Did you notice how I’m not opposed to tests in principle? Well, that’s only so long as the individual children aren’t being judged in the case of the little ones. But also at year 6, getting used to exams an assessments is not bad thing. At secondary school, they’ll have exams every year (or at least I did), then GCSEs and A levels and degrees or whatever. I still have to do certifications every year for work, it’s part of life. And hey, when I was 11y5months I was at grammar school sitting exams in big hall in silence. When he’s 11y5months large boy will do his SATs. What’s the difference? Scope, difficulty, fuss. I took year 7 exams in every subject, I think maybe 12 is my best guess, they were probably tricky and no one made a big deal of it.

I’m a firm believer that our children reflect our attitudes. If I make a big song and dance about something, be it getting shoes on or being late for something, they notice and join in. If I remain calm and unruffled, from taking tests to losing my gran, they take their cues from me too. If I tell them that lockdown is a disaster and will ruin their lives, they’ll believe me. If I tell them we have tough times ahead but we can get through it, they’ll believe me. I’m naturally positive, it can’t be helped, so I almost always demonstrate determination and confidence about the big things (while the little ones leave me shouting about lights left on and forgotten homework).

Who knows if I’m doing it right. Only time will tell.

Disclaimer: I am fully aware that I am the product of my family, my circumstances, my education and my social circles. If you disagree with my ramblings, please do tell me. I don’t mind being set right or having my eyes opened to a different perspective. I’m know I’m only telling our story and there are many different experiences out there. Please share yours and teach me another point of view, but politely yeah?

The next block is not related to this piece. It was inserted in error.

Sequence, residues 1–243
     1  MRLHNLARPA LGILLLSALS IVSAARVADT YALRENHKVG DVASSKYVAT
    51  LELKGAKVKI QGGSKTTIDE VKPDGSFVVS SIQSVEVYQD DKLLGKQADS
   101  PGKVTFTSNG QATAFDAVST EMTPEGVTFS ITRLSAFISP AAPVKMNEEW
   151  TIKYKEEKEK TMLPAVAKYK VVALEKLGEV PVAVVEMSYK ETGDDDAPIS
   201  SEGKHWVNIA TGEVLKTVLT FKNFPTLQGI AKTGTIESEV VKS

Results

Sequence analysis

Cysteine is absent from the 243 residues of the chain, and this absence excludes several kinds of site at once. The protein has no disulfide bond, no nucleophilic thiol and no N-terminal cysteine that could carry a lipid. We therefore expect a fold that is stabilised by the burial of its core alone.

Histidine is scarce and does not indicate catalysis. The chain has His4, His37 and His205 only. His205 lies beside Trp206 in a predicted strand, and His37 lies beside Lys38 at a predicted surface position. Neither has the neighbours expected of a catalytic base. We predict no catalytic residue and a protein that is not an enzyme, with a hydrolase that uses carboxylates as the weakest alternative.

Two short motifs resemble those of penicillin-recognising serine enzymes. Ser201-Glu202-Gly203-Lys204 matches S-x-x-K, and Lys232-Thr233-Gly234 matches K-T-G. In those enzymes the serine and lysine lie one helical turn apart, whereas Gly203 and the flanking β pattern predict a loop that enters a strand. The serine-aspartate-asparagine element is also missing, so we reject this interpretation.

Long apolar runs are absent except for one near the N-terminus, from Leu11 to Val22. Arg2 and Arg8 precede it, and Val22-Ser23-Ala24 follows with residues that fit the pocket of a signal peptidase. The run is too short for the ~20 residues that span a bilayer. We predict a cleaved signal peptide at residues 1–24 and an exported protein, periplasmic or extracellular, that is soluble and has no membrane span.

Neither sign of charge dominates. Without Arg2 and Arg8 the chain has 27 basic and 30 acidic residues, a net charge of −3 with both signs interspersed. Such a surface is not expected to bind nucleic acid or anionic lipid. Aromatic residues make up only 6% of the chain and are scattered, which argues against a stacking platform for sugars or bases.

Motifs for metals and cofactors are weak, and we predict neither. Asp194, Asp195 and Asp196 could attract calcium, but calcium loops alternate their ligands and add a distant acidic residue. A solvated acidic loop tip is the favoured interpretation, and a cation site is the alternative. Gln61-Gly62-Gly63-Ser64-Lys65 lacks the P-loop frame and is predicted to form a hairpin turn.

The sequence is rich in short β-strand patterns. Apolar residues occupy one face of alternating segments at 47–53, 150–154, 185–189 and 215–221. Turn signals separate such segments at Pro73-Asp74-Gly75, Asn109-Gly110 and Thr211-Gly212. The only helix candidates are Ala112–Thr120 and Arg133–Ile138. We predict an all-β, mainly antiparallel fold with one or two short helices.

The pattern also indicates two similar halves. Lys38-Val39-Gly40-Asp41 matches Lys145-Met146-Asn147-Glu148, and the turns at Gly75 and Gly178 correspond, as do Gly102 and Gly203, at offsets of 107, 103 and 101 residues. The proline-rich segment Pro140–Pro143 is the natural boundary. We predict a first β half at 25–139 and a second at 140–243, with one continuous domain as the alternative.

Love from Smell xxx

9 thoughts on “Year 2 SATs”

  1. I definitely relate to your parenting style. Our kids definitely mirror our behaviour. I see more and more now that my girls are older. So many of their expressions and mannerisms are me! It’s kind of scary. I think that’s why racism and extremism are so hard to eradicate. Many people have this drilled into their heads from a young age.

    Liked by 1 person

  2. I know nothing about how schools and testing works nowadays. I only remember doing SATs as a young teen. Although, maybe if they had done more testing when I was younger they may have noticed I was dyslexic.

    I’m impressed with your attitude and insight into showing by example about what things to make a fuss about or not, because that’s how some children end up harming themselves because of the pressure to do well in tests becomes too much for them

    Liked by 1 person

  3. You make a great point about kids finding the next year harder because of all the support they’ve had this year.

    This is especially true after the Year 6 SATs, and high schools often waste a lot of time trying to figure out Year 7 kids’ ‘true’ abilities.

    I certainly feel that at 7 years old, there are so many more valuable things that the time spent preparing for SATs could be used for.

    Liked by 1 person

  4. Great blog. I don’t currently have any of mine doing SATs but I do work in my children’s school so am aware how it impacts different children in different ways. One of mine is year 5 and so they have done practise SATs. He seemed to have loved them and his scores have pushed him to have a sudden passion for study, which I did not see coming at all!!

    Liked by 1 person

  5. I think we do things the same way, and N certainly treated the SATs the same way. Y2 he just thought it was all ok, and ended up surprising the teacher with his results. This time, he’s just taken them as they come. They have been doing SATs papers as assessments through Y5 and 6, so he knows what scores he should be getting. We’ll see. But I agree that exams aren’t a bad thing.

    We didn’t have formal exams at secondary, just end of module assessments and tests. My first exam was music grade 3 age 10, (excluding ballet exams I’d been doing since age 5), and sit down exams at age 12 for music theory. I think I’ve been lucky having a non anxious child, but I’ve been very clear that really it’s the school being assessed, and that it’s just another way for the teachers to work out what support and learning the children need to progress. Seems to work for us, and the school (although they have done a lot of work prepping in school), have treated them as in school work. Their homework has just continued as it’s been themed since y 3, so all consistent, with no extra revision like some schools do.

    Liked by 1 person